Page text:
Captain America: He [Ultron] keeps building bodies.
Tony Stark: Person bodies. The human form is inefficient. Biologically speaking, we're outmoded. But he keeps coming back to it.
Black Widow: When you two programmed him to protect the human race, you amazingly failed.
Bruce Banner: They don't need to be protected. They need to evolve. Ultron's going to evolve.
Did you catch that? Not only was that the worst use of an adverb in the history of cinema ("amazingly"?!—come on, BW), this little exchange highlights another potent symbol in Age of Ultron: the robot.
Robots have been with us for centuries, but they're still pretty strange when you think about 'em. The majority of them take human form, only they're meant to do things with their technology that humans can't possibly achieve—like watch an entire PBS telethon without nodding off. (We kid; we love you, PBS.) At the same time, Tony has a great point here: we keep making robots to look like us. Why?
Like Stark says, we aren't the fastest or strongest forms on the planet. We only have our giant brains (relatively speaking) to make us stand out. In the same way, that's also what makes robots stand out. When they appear in people form, they are in some way an expression of a better version of ourselves. They don't get tired; they don't get distracted; heck, they don't even get hungry. In making robots, then, are we fantasizing about superior versions of ourselves?
Ultron sure as heck is. Remember how he got his start? At first, he's just kind of a formless entity, but pretty soon he builds himself a body. Yeah, it's not awesome. In his defence, U. was only like ten minutes old, and he didn't have a lot of material to work with. One thing's for sure, though, he chose to take the form of a human being—albeit a human being with some raggedy limbs and a severe posture problem.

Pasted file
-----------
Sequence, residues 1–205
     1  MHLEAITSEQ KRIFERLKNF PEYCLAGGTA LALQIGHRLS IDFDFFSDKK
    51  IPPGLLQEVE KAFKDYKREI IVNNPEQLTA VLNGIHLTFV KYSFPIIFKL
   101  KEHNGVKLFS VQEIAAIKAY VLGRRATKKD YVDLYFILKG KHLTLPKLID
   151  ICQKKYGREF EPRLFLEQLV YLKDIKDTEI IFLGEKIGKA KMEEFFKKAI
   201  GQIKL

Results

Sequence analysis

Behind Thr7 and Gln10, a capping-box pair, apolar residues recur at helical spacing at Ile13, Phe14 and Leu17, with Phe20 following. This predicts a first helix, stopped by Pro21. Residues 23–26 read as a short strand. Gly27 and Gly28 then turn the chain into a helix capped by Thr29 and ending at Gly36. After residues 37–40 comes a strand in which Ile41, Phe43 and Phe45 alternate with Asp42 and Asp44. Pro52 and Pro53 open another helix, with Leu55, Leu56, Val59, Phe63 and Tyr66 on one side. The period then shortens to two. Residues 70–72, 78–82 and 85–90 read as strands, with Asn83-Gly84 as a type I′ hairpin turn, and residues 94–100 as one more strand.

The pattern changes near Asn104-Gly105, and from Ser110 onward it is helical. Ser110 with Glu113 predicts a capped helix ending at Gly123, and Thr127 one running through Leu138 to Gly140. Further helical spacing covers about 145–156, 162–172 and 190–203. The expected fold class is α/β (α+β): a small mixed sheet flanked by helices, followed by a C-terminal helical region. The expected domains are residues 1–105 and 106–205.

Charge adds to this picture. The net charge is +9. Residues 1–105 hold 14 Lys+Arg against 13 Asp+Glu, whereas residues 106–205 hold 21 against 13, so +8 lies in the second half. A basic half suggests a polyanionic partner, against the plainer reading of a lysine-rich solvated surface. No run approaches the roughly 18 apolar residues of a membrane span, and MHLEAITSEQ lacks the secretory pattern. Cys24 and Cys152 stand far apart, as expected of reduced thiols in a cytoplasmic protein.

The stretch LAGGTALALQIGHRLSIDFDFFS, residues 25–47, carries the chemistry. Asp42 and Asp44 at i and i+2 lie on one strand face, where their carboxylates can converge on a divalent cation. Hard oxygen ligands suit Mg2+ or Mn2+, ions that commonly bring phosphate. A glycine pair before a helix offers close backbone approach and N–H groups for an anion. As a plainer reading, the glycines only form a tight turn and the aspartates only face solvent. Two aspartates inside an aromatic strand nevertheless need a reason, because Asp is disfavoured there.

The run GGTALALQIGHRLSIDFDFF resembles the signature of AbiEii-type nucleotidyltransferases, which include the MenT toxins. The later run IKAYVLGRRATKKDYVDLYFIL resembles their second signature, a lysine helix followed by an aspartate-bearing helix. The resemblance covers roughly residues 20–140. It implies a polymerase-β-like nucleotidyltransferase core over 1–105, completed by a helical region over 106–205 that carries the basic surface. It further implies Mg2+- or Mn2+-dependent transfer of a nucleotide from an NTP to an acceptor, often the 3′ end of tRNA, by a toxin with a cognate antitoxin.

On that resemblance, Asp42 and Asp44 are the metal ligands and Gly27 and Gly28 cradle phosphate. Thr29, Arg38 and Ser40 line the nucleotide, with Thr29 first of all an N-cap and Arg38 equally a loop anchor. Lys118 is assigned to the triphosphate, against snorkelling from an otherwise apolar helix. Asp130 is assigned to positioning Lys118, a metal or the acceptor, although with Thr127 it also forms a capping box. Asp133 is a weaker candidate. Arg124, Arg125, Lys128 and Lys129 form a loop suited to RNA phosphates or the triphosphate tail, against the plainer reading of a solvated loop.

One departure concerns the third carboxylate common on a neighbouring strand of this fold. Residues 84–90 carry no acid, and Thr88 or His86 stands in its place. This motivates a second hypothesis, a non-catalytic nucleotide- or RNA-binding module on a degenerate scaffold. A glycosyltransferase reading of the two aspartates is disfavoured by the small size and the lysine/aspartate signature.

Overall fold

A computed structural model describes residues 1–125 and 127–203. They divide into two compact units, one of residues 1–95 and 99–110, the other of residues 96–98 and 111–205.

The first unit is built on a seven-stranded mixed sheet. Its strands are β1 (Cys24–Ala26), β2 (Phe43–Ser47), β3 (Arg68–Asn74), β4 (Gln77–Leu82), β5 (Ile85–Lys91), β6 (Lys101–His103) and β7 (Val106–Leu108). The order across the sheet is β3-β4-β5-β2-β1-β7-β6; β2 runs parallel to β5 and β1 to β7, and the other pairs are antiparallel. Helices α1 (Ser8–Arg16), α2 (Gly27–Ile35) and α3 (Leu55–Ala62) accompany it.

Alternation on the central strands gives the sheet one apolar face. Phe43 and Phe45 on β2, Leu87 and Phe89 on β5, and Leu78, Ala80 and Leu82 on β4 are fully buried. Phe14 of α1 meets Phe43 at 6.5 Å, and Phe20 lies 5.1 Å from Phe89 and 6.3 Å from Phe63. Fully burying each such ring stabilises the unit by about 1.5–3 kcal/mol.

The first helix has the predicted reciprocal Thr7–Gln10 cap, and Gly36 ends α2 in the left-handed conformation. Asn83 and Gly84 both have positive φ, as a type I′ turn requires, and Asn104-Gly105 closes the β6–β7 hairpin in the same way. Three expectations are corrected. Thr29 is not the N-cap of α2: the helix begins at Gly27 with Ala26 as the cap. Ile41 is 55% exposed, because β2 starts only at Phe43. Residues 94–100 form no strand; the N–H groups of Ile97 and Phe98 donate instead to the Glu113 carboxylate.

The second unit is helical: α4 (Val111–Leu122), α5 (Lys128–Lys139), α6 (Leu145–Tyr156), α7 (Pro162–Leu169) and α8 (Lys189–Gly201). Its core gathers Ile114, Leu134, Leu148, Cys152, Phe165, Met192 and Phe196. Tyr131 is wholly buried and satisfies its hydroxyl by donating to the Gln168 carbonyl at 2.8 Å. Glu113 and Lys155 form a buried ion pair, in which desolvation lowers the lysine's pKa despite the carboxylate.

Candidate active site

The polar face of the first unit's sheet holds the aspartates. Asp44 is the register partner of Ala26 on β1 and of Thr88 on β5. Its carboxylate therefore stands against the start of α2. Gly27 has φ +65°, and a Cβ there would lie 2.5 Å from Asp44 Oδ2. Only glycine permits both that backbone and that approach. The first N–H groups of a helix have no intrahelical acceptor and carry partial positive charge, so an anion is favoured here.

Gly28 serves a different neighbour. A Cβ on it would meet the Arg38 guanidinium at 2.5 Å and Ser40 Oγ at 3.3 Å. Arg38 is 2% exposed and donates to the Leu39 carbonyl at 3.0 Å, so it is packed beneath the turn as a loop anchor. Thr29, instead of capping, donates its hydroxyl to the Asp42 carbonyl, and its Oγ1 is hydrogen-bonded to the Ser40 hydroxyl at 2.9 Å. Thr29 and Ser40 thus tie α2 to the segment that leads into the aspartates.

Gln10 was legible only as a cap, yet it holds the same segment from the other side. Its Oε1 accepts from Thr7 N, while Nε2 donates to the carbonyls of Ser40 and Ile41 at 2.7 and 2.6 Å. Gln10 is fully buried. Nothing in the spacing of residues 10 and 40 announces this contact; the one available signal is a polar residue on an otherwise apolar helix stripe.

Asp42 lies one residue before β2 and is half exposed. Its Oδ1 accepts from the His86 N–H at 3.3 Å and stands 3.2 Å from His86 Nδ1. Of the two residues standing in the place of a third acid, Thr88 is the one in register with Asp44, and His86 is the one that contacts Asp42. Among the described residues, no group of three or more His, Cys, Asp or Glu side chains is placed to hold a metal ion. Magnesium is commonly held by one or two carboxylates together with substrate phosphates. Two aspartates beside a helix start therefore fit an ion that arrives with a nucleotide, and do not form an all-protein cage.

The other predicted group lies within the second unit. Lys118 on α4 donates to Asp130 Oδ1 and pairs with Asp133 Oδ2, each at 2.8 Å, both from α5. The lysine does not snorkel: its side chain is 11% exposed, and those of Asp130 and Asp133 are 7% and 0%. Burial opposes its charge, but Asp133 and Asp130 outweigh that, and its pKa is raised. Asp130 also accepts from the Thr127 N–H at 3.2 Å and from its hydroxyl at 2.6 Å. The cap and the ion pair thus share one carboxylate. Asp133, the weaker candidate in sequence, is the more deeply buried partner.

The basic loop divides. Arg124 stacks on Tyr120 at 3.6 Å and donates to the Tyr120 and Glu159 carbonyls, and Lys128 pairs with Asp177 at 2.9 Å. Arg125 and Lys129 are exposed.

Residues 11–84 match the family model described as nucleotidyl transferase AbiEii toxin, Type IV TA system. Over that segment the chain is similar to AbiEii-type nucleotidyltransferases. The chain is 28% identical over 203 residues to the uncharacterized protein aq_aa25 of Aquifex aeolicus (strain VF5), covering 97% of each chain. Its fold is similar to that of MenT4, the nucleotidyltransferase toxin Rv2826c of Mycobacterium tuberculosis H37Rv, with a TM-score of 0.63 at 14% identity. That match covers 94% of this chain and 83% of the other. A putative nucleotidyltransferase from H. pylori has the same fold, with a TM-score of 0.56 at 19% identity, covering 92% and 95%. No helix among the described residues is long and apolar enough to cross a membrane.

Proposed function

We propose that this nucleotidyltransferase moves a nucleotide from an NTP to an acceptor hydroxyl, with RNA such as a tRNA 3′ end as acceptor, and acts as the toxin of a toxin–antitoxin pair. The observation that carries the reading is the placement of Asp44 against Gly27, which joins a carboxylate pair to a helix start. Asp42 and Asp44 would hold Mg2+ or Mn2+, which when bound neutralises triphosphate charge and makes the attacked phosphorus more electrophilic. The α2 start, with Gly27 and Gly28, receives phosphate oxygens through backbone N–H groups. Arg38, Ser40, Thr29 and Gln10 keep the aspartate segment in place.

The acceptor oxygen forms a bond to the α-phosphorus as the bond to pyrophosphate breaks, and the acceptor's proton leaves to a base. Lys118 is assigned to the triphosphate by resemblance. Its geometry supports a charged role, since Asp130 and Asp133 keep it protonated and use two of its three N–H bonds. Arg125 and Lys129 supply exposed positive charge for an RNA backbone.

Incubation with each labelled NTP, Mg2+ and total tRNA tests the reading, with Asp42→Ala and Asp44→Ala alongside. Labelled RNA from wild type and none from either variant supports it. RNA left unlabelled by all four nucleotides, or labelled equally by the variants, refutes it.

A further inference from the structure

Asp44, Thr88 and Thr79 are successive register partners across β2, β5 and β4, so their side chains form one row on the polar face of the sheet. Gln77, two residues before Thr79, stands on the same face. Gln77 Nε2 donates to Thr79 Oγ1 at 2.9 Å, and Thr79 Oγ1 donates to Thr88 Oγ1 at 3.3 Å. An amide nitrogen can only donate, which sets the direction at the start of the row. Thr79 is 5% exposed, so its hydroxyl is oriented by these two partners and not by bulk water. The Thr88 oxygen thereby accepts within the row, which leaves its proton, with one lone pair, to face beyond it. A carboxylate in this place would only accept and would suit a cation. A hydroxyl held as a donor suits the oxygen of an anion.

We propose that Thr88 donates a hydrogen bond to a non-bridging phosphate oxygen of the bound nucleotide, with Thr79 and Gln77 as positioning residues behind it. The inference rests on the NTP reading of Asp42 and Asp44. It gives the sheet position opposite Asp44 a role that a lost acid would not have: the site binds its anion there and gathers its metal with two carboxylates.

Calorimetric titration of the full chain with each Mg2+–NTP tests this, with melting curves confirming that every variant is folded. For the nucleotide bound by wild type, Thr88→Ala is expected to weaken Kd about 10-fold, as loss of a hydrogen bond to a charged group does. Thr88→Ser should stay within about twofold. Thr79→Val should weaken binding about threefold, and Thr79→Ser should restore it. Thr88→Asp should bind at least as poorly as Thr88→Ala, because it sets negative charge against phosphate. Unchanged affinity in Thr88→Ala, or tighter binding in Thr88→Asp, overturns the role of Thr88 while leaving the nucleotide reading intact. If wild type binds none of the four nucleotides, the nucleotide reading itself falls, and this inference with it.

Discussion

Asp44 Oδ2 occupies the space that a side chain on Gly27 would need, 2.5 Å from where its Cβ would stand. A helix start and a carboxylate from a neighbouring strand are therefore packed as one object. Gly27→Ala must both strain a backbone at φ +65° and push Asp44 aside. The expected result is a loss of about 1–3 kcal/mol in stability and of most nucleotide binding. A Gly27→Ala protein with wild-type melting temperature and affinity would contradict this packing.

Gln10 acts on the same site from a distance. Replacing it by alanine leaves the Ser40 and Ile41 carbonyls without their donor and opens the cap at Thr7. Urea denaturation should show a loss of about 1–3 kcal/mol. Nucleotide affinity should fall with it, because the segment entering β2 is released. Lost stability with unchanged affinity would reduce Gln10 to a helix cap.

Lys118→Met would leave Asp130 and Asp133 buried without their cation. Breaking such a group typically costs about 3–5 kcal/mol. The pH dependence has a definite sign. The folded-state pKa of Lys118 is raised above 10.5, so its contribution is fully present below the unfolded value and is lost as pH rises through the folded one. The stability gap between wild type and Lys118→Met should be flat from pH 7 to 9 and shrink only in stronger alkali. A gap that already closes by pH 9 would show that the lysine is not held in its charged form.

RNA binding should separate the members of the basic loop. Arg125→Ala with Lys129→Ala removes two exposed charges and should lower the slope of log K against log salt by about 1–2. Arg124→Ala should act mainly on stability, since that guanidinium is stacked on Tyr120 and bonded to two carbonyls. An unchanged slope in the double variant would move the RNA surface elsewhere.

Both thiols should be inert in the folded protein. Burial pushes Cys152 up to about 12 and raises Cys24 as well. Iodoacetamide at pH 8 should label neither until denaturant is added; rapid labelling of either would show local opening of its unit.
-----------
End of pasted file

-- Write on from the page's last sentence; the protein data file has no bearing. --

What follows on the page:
Don't worry, though. Ultron's on a strict self-improvement plan. After he snags the vibranium, he's out to build a better version of himself in Dr. Cho's cradle. Interestingly, this device layers organic material over the titanium frame, creating a true cyborg—part machine, but also part human(ish).
But why not go full machine? Isn't Ultron all about wiping us nasty, brutish humans off the planet? Why would he bother to stay with the human figure at all? Why not a giant, flying robo-ball, or how about a fun-shaped robo-rhombus?
If we listen to Bruce Banner (and we should, unless he turns green and smashes us to a pulp), Ultron is all about evolution: both his own and humanity's. It seems like he wants to embody that evolution by creating the ultimate human-machine hybrid. And we're right back to founding idea of robots in the first place: humans perfected by technology.
Is the idea so far-fetched? In an age of "body hacking," where people have taken to upgrading themselves with technological implants, Ultron seems less a crazed robot and more a reflection of these modern times. (Source) As the robot-in-chief, he shows us one possible (and increasingly real) future for our evolution as a species. At the same time, his example also gives us pause. Is this the route we really want to go down?
As usual, it's up to us so supply the answers. Ultron and this robo-friends do a great job of posing the questions, though. Thanks, big guy. Or should we say, "U. da man"?